Star Trek: The Next Generation: Season 1, Episode 3

Code of Honor (10 Oct. 1987)

TV Episode  -   -  Action | Adventure | Sci-Fi
Your rating:
    1 2 3 4 5 6 7 8 9 10 -/10 X  
Ratings: 5.1/10 from 995 users  
Reviews: 7 user | 7 critic

When the leader of an alien culture takes a romantic interest in Lt. Yar, he claims her for his own, to the dismay of his own wife, who, in turn, challenges Tasha in a fight to the death.


, (uncredited)


(created by), , 1 more credit »
0Check in

Watch Now

$0.00 with Prime Instant Video

Editors' Spotlight

IMDb Picks: October

IMDb's editors share the movies and TV shows they are excited to see in October.

User Lists

Related lists from IMDb users

a list of 24 titles
created 20 Aug 2011
a list of 164 titles
created 30 Nov 2012
a list of 38 titles
created 03 Jun 2013
a list of 679 titles
created 17 Oct 2013
a list of 48 titles
created 11 months ago

Related Items

Search for "Code of Honor" on

Connect with IMDb

Share this Rating

Title: Code of Honor (10 Oct 1987)

Code of Honor (10 Oct 1987) on IMDb 5.1/10

Want to share IMDb's rating on your own site? Use the HTML below.

Take The Quiz!

Test your knowledge of Star Trek: The Next Generation.
« Previous Episode | 3 of 176 Episodes | Next Episode »


1 video »


Episode cast overview:
Lt. Worf (credit only)
Julian Christopher ...
Hagon (as James Louis Watkins)


The Enterprise travels to the planet Ligon II to collect a vaccine that will prevent a particularly virulent disease on Federation planet Cyrus IV. The planet's leader, Lutan, is more than pleased to provide them with the cure but while on board takes a particular interest in the ship's security officer, Lt. Tasha Yar. He is attracted to her physically and is intrigued at her obvious skills and intelligence. He kidnaps her to show that he is a brave man but when the time comes for her return, he refuses to do so wanting to make her his first wife. His current first wife challenges Tasha to a fight to the death to retain her position. Meanwhile, Data continues to try and understand humor but the nuances continue to escape him. Written by garykmcd

Plot Summary | Add Synopsis





Release Date:

10 October 1987 (USA)  »

Company Credits

Production Co:

Show detailed on  »

Technical Specs

Sound Mix:


Aspect Ratio:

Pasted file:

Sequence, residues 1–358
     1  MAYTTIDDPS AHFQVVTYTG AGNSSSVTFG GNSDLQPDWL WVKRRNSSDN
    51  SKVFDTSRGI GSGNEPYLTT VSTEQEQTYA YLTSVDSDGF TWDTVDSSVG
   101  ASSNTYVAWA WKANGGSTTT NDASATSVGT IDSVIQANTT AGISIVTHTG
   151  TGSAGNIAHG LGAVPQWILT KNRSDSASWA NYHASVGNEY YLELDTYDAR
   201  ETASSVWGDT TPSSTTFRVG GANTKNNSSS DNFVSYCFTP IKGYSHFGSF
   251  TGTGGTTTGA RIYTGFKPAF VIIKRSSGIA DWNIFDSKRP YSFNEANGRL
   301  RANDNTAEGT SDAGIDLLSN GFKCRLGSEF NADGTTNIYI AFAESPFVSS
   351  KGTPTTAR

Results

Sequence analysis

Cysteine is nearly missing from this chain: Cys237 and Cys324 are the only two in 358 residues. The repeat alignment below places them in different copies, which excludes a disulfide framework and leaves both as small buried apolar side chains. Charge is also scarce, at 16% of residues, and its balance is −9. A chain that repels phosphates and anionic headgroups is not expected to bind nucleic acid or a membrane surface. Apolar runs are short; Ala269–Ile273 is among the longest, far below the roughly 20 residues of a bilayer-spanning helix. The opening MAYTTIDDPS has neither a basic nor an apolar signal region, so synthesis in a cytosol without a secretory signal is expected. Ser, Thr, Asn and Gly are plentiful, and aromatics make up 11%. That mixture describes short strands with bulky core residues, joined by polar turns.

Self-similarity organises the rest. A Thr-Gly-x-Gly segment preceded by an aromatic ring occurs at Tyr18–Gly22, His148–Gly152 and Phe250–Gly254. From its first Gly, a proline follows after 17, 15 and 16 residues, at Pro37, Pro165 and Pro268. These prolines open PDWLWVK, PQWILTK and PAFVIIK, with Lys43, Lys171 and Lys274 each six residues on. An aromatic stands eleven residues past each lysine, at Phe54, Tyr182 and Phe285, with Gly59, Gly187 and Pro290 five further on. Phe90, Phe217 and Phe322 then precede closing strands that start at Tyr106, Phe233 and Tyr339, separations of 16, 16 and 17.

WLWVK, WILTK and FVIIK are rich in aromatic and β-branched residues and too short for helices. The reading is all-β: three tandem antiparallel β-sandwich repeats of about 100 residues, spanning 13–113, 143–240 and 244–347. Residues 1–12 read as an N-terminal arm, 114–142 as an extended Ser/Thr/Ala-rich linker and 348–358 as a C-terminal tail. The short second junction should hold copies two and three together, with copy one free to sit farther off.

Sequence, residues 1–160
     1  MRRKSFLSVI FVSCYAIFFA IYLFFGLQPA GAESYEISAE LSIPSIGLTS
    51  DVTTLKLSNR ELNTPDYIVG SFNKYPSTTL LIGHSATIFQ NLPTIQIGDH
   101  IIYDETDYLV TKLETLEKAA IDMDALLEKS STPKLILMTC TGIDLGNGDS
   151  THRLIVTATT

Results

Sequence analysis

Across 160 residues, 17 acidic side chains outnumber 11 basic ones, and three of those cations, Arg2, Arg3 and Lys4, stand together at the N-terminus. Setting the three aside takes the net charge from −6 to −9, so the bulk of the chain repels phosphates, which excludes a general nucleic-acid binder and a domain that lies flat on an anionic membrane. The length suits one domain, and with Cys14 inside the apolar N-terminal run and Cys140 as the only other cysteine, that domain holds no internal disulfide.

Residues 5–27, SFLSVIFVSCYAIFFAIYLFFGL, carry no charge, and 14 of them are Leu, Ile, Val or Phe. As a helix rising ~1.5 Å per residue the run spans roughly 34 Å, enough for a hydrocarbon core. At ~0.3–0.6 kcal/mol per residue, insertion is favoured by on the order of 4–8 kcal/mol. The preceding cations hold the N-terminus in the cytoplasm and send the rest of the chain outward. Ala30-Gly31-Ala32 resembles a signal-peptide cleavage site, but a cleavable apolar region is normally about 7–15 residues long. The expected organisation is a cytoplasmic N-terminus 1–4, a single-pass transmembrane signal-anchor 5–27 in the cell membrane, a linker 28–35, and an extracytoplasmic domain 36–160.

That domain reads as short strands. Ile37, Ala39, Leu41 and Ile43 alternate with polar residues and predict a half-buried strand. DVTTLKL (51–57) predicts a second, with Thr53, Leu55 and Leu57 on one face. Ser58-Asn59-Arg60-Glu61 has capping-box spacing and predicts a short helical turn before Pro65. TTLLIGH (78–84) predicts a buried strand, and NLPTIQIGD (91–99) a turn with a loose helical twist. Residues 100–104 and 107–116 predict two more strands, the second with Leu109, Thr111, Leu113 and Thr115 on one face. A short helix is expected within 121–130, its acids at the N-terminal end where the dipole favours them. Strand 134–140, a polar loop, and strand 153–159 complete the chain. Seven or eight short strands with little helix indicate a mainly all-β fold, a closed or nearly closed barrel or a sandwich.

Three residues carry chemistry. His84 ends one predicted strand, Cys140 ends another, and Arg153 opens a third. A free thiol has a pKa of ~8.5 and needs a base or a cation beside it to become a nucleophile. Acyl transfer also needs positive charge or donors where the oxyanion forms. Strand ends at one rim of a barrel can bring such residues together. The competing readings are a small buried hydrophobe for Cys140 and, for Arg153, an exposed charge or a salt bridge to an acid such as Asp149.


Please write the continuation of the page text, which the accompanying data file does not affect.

1.33 : 1
See  »

Did You Know?


Jonathan Frakes referred to the episode as a "racist piece of shit". At a 2007 science fiction convention in Toronto, Canada, he told the audience, "The worst and most embarrassing and one that even Gene would have been embarrassed by was that horrible racist episode from the first season... Code of Honor, oh my God in heaven!" See more »


At the end, if the plague in Styris IV is so bad, why do they go there at warp 3? See more »


Captain Jean-Luc Picard: It's a great pity you began by abducting my Security Officer, Lutan, because I should tell you, I do admire the hospitality you offer here.
Lutan: I am in the grip of forces you do not understand.
Captain Jean-Luc Picard: Some of it I do understand. She is a rather lovely female.
See more »


Referenced in Star Trek: The Next Generation: Cost of Living (1992) See more »


Star Trek: The Next Generation Main Title
Composed by Jerry Goldsmith and Alexander Courage
See more »

Frequently Asked Questions

This FAQ is empty. Add the first question.

User Reviews

Anti Imperialism
15 September 2008 | by (Germany) – See all my reviews

In this episode there are first attempts of a character development visible as well as setting the focus not only around the leading cast but also trying to include supportive ones in the plot. Data for example is making his first (of many) attempts to cope with human humor and his relation to LaForge is founded. Furthermore Riker more clearly is used as an equally treated character next to the Captain. This marks the first step on the way of splitting up the action between several places which will become common procedure in later Star Trek.

The episode itself has not much to mention. The script is classically TOS as is the set design and almost everything except the new crew. Lutan is not much of an opponent neither his acting abilities nor his character and Picard and Riker carry the show almost with routine. Troi as usual is the weak spot in the TNG cast and Wesley seems out of place (once again).